What could be more festive than a spell of beetle-borne corneal ulceration? That’s the seasonal treat that visits parts of Australia each year as a very small beetle causes a lot of pain in the eyes of unlucky residents in northeast Victoria and southern New South Wales, Australia. The culprit is a tiny beetle, and the excruciating condition it causes is known as “Christmas Eye”. Not as fun as it sounds, clearly.
First coined by C S Colvin in the late 1970s, Christmas Eye has afflicted the peepers of Australians under the names seasonal corneal ulcer, Albury-Wodonga syndrome, harvester's eye, and harvester's keratitis. It earned its rather more festive nickname as cases predominantly kick off around Christmas, but here its similarities with the jovial holiday end.
Christmas Eye is a monocular condition, meaning it typically only affects one eye at a time. For a long time, its origin was a mystery – but further presentations of the painful condition eventually revealed it’s caused by Orthoperus, a minuscule group of beetles native to Australia. Patients typically present the day after some kind of outdoor activity such as mowing the lawn or gardening, which is where they meet this tiny ocular saboteur.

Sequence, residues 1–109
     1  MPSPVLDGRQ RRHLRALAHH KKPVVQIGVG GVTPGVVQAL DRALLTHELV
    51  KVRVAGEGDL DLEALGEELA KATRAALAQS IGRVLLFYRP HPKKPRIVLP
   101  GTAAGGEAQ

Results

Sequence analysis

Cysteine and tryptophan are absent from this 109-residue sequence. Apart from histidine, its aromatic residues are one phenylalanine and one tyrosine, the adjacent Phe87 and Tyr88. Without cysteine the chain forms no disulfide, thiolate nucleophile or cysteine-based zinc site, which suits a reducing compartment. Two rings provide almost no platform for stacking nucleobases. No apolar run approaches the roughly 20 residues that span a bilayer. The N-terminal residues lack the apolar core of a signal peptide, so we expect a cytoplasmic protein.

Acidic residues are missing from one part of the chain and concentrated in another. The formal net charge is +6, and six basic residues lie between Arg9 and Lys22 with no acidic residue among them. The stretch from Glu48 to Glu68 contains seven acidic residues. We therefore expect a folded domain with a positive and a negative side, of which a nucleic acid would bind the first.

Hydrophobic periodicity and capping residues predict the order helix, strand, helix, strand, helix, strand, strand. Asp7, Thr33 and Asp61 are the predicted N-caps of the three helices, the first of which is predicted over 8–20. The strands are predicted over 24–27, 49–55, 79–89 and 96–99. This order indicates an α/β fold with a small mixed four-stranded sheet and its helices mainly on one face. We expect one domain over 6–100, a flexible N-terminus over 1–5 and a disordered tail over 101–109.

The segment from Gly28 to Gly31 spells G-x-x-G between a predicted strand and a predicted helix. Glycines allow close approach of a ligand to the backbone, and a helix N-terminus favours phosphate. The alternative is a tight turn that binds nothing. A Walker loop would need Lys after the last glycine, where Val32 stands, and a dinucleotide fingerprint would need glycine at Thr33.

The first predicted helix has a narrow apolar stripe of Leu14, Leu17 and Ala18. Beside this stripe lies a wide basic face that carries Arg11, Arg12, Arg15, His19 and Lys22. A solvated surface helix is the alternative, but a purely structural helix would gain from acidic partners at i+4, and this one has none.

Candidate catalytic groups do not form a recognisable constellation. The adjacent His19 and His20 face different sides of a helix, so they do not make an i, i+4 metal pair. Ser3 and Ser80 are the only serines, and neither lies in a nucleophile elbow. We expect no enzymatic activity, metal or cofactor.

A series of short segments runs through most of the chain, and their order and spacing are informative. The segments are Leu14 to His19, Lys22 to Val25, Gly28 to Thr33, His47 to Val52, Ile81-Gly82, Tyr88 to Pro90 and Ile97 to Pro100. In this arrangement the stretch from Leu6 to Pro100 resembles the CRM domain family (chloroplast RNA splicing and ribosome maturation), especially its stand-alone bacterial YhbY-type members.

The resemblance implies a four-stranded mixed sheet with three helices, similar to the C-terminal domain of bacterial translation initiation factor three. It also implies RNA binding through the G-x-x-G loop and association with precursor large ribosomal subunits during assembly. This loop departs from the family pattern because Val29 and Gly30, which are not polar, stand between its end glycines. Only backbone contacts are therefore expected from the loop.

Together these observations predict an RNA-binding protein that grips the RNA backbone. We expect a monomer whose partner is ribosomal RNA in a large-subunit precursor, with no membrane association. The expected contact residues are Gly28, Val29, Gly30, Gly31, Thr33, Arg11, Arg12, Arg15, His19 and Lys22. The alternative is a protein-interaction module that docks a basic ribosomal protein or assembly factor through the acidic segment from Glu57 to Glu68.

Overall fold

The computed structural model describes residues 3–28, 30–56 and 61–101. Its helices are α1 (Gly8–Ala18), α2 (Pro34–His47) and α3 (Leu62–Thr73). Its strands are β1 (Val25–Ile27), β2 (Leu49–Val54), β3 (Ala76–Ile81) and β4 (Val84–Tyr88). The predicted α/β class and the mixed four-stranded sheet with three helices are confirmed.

Orthoperus are what’s known as vesicating beetles, meaning they’re associated with vesicles and blisters. Some beetle species cause this kind of irritation on the skin, but Orthoperus has been linked specifically to itching and burning in the eyes which can develop into ulcerating lesions on the cornea.
The irritation comes in response to chemicals released by the beetles when disturbed or crushed. The offending irritant is thought to be Pederin, a powerful blistering agent that has a dramatic effect on the corneal epithelium. Being less than one millimeter in size, a person may never know they've come into contact with the beetles and could easily transfer them and their excretions by rubbing their eyes.
As for the symptoms, Christmas Eye is quite the doozy.
“The pain associated with Christmas Eye has achieved folkloric status,” said Victoria optometrist Robert Holloway to Good Vision For Life. “Sufferers describe it as ‘torturous’ and ‘on par with giving birth’.”
Patients who fall folly to Christmas Eye are often woken early in the morning by the pain, and after being unable to remedy it at home, present to clinicians in a considerable state. Fortunately, while its symptoms may be severe, the treatment for Christmas Eye is fairly simple. Anesthetic eye drops can ease the pain, while the epithelium recovers which takes around seven to 10 days.
If you’re local to southeastern Australia, the good news is that Christmas Eye is relatively uncommon – but if you wake up with excruciating eye pain, it’s worth getting checked out by an optometrist.